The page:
No Nativity, no Eucharist17 Dec 2019
Participation in the Eucharist helps us face the many challenges that lie ahead for the Church and our world.
“The Eucharist involves more than receiving; it also involves satisfying the hunger of Christ. He says ‘Come to me’. He is hungry for souls. Nowhere does the Gospel say: ‘Go away,’ but always ‘come to me.’” – (Mother Teresa)
For Christians, Christmas is the highlight of the year. It is a moment of great significance as we come together to celebrate the joy of ‘God-with-us’ in the birth of our infant Saviour, Jesus Christ. The crib, the decorations and the carols ringing in our ears remind us of what a special time this is. We remember that in Bethlehem a child was born who revealed God to us in the endearing presence of an infant.
In his Christmas narrative of the birth of Jesus, Luke also stresses the importance of the Eucharist which is woven into the fabric of his Gospel from beginning to the end. He inserts what seems to be a curious detail into the Nativity story to make his point: Mary ‘gave birth to her first-born son… and laid him in a manger’ (Luke 2:7).
We know that when Jesus was born, his mother had to lay him in a manger because when Mary and Joseph arrived in Bethlehem, there was ‘no room for them at the inn’ forcing them to take shelter in a humble stable.
Mangers were located wherever livestock was stored; places such as stables for example. Farmers kept their stables well-stocked at all times, so their animals never went hungry. The manger is a simple feeding trough where the animals of the nativity scene fed. Yet, we believe, it held the same body of the infant child, the bread of life, that feeds us in the sacrament of the Eucharist today. The manger is a momentous sign that Jesus is our sustenance.
Jesus was not laid in a manger by accident. This an important spiritual symbol. As animals went to the manger for nourishing food; so, we too go to the ‘manger’ for our spiritual food. He feeds us with Word and Sacrament, his Gospel and the Eucharist. Jesus’ Word is like no other food; it has the power to save our souls. Not only that, the infant lying in the manger is the Bread of Life (John 6: 51), the true bread come down from heaven. If we want to be spiritually nourished, then it is important for us to read Scripture and receive the Eucharist often.
After Jesus’ birth, an angel told, not the important and powerful in the land, but the shepherds, that they would find their newborn Messiah lying in a manger (Luke 2:12). The message of the angel on that Christmas night to the shepherds is meant for all of us: ‘To you is born this day in the City of David, a Saviour who is Christ the Lord.’ The shepherds are representative of people everywhere, and as the animals approached the manger for food, these simple shepherds also approached to feast their eyes upon the newly born infant who would be the one to feed their souls, and ours, both with the Eucharist and His Word.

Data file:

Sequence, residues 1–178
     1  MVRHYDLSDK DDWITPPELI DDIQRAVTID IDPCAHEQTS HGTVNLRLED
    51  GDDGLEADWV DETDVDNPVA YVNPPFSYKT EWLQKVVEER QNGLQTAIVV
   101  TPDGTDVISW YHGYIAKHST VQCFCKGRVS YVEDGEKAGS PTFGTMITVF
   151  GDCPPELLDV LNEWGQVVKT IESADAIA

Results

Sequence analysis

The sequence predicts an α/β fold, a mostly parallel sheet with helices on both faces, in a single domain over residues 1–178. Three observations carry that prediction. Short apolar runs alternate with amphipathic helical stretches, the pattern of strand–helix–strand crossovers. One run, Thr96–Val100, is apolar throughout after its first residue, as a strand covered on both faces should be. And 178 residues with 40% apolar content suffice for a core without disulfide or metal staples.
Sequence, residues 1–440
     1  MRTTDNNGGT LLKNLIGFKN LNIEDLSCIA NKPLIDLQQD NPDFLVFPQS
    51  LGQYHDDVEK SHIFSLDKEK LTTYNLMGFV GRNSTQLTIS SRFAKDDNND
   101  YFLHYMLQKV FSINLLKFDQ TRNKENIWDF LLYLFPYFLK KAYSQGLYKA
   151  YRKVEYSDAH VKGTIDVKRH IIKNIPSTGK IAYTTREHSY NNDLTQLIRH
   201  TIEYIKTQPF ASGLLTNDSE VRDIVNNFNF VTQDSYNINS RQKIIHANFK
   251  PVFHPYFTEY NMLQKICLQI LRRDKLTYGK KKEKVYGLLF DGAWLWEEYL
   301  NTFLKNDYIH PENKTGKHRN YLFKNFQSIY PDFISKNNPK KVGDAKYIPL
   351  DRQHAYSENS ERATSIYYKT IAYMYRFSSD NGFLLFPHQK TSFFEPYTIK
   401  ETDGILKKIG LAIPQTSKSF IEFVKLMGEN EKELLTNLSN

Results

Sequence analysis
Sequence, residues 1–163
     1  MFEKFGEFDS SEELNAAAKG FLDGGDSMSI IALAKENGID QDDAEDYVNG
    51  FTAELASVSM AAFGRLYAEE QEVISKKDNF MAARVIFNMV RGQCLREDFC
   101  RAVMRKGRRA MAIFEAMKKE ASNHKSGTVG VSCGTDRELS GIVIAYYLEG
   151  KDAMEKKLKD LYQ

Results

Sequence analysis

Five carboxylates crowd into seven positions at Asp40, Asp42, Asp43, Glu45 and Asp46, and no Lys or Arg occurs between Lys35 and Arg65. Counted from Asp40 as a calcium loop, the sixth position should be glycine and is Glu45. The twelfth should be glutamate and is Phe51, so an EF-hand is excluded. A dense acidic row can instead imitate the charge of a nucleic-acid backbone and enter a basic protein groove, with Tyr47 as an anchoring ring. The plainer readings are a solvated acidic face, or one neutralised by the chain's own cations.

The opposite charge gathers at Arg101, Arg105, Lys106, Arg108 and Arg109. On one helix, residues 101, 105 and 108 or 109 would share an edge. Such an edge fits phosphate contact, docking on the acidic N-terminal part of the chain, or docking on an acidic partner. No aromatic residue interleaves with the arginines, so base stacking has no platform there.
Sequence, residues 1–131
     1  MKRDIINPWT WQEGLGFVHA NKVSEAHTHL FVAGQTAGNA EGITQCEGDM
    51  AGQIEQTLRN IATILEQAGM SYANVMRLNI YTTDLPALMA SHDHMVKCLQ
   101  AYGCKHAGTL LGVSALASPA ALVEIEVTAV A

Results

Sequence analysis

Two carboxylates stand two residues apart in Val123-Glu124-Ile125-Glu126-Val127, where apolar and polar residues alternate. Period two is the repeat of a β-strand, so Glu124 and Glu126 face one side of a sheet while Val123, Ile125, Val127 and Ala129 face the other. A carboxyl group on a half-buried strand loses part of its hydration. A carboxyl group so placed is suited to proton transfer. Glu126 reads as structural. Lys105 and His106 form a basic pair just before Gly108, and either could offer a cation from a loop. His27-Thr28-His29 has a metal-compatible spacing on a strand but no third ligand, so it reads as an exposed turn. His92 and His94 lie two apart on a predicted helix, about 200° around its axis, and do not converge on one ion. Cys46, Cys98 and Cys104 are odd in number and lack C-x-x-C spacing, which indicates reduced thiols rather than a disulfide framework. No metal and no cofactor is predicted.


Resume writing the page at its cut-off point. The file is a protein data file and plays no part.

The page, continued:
It is important for us to realise that the Nativity scene is not meant merely for pious contemplation. It contains a special message. God had become a human person like us and he had come to live and work among us.
In becoming incarnate, God has crossed the boundary into our world. As the shepherds hurried to the manger to see this new-born baby, we too must also welcome the newborn Christ-child into our lives. Where do we find this newborn Saviour today? We find him spiritually, not only where there is love and peace in our world, but also in the suffering of the poor, the homeless, the abused and refugees, i.e., everywhere, but most importantly, we meet him personally, ever present in the Eucharist.
We know that the open arms of the baby lying in the crib are open for all of us and for all those whom we love – open to forgive us, open to comfort us, open to embrace us in the most loving way.
As we face the many challenges that lie ahead for the Church and our world, we remember that our greatest hope is in our communion with Jesus and with one another in prayer, in reflection on God’s Word, in participation in the Eucharist and in our shared mission to bring the Good News to the world. This Good News, as the Christmas story reminds us, is ‘news of great joy that will be for all people’ (Luke 2: 10).
May our prayer be that this joy will touch the hearts of all this Christmas and strengthen our hope in these and future challenging times. A happy and very blessed Christmas to all.